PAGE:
• Consent: The individual has unambiguously given consent to their personal data being processed for one or more specified purposes.
  • Contract performance: Processing is necessary to take steps and actions to enter into a contract with the individual, or perform contractual obligations for a contract they are party to.
  • Legal obligation: Processing is necessary for the organization to comply with a domestic or EU legal obligation mandated on them by law.
  • Vital interests: Processing is necessary to protect the vital interests of the individual or other natural persons. This involves life or death-type situations.
  • Public task: Processing is necessary to perform a task in the public interest or under governmental/official authority vested in the organization by law.
  • Legitimate interests: Processing is necessary for the legitimate interests of the organization or third party, as long as it does not disproportionately affect privacy rights. This does not apply to public authorities.

At least one of those six lawful grounds must be applicable for any processing of personal data to take place under the Act. Relying on the legitimate interests of government authorities is prohibited.

What are the consent requirements under the Act?

Consent must be freely given, specific, informed, and unambiguous. This means consent requires a clear, affirmative action that indicates the individual’s agreement.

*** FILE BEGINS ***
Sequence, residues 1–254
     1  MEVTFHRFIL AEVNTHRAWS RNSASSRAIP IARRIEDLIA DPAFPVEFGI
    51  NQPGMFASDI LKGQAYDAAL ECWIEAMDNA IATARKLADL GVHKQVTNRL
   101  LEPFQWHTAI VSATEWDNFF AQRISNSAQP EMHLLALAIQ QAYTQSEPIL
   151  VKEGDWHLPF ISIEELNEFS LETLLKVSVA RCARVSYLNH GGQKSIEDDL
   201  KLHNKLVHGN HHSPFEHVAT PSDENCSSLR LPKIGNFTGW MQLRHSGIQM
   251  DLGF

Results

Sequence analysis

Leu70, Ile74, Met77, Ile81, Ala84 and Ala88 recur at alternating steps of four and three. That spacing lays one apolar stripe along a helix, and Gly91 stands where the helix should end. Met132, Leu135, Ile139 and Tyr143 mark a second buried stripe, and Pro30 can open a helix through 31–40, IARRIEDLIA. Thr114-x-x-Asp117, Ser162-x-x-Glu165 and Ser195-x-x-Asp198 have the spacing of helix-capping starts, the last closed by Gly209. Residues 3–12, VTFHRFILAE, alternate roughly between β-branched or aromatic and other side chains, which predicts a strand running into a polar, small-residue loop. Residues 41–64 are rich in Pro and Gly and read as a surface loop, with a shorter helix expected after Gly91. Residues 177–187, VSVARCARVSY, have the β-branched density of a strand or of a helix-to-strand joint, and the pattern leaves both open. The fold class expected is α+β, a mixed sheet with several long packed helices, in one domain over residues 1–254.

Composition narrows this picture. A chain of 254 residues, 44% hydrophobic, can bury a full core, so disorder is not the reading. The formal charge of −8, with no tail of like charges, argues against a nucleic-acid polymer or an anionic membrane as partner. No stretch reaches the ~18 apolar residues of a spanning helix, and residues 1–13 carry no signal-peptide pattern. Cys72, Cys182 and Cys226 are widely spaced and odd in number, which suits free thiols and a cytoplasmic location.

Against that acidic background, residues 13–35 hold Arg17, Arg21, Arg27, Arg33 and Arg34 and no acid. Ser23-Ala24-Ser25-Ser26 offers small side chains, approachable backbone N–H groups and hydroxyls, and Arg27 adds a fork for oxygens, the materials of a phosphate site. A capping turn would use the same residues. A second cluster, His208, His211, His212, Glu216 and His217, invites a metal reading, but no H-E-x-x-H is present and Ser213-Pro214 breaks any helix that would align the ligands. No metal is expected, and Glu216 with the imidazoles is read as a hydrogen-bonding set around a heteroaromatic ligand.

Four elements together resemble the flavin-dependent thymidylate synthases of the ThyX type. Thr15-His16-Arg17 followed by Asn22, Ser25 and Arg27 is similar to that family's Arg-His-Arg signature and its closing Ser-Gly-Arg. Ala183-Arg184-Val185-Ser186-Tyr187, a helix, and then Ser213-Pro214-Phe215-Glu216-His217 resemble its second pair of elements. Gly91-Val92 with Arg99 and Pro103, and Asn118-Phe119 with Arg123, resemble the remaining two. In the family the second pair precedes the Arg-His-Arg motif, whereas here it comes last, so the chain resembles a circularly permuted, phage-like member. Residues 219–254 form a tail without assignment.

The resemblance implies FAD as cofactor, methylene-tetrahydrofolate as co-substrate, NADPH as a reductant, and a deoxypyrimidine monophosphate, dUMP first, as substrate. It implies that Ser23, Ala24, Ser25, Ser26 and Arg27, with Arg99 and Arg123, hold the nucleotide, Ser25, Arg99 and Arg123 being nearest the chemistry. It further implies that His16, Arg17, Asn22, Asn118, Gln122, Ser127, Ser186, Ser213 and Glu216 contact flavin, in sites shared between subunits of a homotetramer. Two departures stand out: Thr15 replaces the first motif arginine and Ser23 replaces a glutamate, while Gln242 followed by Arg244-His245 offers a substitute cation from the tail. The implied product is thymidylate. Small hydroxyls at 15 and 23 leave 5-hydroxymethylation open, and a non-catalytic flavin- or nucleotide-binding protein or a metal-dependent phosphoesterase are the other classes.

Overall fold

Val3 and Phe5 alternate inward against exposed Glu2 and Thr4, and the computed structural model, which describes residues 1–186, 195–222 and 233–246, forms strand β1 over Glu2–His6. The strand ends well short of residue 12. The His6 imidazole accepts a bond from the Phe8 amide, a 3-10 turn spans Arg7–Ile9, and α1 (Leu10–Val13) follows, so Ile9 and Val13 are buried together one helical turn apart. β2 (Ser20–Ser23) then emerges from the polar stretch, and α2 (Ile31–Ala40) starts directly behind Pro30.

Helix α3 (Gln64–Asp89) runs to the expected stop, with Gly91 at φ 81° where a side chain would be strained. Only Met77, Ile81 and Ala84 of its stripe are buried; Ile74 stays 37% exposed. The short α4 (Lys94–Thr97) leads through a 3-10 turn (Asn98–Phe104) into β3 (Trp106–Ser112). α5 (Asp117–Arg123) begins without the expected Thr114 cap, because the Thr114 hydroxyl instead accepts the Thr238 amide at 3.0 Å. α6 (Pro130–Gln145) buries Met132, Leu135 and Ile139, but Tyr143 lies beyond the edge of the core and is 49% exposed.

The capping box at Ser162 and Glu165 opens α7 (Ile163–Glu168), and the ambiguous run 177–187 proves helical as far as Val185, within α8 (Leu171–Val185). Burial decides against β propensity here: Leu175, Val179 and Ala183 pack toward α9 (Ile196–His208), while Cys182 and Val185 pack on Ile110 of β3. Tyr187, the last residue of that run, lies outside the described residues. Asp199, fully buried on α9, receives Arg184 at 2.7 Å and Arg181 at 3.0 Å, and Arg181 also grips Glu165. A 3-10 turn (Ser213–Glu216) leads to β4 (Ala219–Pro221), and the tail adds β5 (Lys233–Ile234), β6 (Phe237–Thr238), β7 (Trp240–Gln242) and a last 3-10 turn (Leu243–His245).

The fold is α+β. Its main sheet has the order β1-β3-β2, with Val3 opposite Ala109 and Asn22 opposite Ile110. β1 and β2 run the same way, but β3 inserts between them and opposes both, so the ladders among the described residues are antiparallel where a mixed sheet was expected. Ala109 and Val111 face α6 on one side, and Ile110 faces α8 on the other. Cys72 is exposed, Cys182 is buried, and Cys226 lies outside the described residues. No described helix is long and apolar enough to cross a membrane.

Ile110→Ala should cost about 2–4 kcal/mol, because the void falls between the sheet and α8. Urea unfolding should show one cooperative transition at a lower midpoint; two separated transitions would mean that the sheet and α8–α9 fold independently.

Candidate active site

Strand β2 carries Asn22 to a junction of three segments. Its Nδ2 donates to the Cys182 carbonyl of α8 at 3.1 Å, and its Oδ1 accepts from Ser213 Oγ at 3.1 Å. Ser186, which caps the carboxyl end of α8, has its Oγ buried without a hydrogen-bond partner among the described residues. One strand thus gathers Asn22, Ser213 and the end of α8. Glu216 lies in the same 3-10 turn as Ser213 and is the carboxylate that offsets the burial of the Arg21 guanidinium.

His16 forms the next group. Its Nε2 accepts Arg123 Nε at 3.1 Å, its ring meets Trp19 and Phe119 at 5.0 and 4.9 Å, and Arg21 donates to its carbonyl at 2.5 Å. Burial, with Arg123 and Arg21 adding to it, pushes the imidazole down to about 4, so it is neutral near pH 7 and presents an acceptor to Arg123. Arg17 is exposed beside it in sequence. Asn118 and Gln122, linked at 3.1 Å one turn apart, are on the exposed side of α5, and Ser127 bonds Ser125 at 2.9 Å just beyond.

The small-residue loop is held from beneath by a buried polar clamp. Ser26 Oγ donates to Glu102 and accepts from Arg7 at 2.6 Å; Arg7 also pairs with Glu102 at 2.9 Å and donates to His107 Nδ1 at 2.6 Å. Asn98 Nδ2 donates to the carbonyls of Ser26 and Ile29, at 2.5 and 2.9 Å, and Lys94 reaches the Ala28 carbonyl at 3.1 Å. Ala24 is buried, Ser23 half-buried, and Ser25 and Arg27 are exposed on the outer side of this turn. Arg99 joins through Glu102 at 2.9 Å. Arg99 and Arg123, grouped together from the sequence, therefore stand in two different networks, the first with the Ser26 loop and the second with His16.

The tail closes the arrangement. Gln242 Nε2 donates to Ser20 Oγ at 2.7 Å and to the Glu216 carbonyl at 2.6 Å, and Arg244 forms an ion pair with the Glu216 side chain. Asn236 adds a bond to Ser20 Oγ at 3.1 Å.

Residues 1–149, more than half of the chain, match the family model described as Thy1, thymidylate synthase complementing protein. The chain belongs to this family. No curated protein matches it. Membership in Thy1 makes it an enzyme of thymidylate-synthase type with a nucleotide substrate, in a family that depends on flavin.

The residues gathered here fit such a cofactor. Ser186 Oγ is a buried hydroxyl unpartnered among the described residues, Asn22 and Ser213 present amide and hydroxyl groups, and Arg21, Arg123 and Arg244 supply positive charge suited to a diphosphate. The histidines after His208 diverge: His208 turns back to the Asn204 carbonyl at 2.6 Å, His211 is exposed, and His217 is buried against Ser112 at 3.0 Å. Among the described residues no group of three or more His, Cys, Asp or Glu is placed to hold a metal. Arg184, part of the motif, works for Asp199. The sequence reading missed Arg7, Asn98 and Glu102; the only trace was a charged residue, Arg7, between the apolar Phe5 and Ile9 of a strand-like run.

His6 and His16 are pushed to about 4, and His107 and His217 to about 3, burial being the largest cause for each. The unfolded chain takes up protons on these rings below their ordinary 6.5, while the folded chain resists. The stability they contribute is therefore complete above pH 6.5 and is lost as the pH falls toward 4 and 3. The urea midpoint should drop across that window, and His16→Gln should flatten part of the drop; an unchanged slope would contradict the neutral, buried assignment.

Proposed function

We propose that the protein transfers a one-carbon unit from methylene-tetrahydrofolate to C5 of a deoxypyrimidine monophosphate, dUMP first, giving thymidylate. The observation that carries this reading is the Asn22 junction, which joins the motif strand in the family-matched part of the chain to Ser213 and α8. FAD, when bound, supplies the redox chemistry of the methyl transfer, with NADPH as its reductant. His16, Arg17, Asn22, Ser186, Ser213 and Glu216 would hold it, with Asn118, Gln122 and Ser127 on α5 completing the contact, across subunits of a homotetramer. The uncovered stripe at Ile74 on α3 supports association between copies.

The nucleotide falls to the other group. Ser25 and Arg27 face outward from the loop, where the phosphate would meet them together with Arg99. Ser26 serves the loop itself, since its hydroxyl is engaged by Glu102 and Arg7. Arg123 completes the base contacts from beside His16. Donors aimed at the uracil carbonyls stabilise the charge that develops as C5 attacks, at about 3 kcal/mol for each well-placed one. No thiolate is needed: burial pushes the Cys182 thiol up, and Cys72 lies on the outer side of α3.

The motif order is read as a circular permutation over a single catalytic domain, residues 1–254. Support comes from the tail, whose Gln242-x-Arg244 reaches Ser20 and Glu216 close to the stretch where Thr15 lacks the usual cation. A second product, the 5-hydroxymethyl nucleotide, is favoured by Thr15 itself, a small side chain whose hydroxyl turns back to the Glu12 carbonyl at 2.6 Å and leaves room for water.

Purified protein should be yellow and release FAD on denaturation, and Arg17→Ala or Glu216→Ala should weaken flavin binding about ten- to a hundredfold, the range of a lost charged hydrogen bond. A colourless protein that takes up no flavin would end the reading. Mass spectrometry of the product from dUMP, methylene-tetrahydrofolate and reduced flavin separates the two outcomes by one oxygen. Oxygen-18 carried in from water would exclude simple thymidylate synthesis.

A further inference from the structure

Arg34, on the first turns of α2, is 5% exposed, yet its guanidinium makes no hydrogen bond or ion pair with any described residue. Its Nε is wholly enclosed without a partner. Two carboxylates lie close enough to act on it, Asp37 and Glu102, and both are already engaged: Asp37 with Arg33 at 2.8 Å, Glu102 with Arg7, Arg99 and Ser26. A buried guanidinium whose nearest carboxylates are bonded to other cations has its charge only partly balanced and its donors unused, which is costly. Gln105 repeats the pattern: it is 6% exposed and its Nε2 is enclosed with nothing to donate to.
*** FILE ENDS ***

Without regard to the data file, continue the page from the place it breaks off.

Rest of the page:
Here are the conditions of consent:

  • The organization must be able to demonstrate valid consent has been obtained. This accountability requires them to have a record showing the individual actively agreed.
  • Consent requests must be presented in clear standalone language if included within broader declarations. They cannot be “bundled” in confusing terms and conditions.
  • individuals can withdraw consent at any time, and this withdrawal does not undermine prior lawful processing. Withdrawing consent must be as easy as giving it.
  • Before consenting, individuals must be informed about their right to withdraw consent. 

Specific consent situations

  • Children under 13 years cannot legally consent, so parental/guardian consent is required for information society services. Extra steps are expected to verify this.
  • Explicit consent is required for processing sensitive categories of data.
  • Consent can enable overseas data transfers lacking adequacy decisions or required safeguards, provided individuals are informed of risks. This does not apply to public authorities.

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What are the data rights under the Act?

Right to Information

The data protection law grants individuals the right to receive transparent information on the processing of their personal data.

Organizations must provide information to individuals in a concise, transparent, intelligible, and easily accessible form using clear language. It should be free of charge and should be processed within 4 weeks of a request (extendible by 8 weeks).

If collecting data directly from individuals, organizations must provide:

  • Identity/contact information
  • Purposes of collection
  • Legal basis for the collection
  • Legitimate interests (if applicable)
  • Recipients of data and transfer details (if applicable)

If not collecting directly from individuals, organizations still must provide all the necessary information.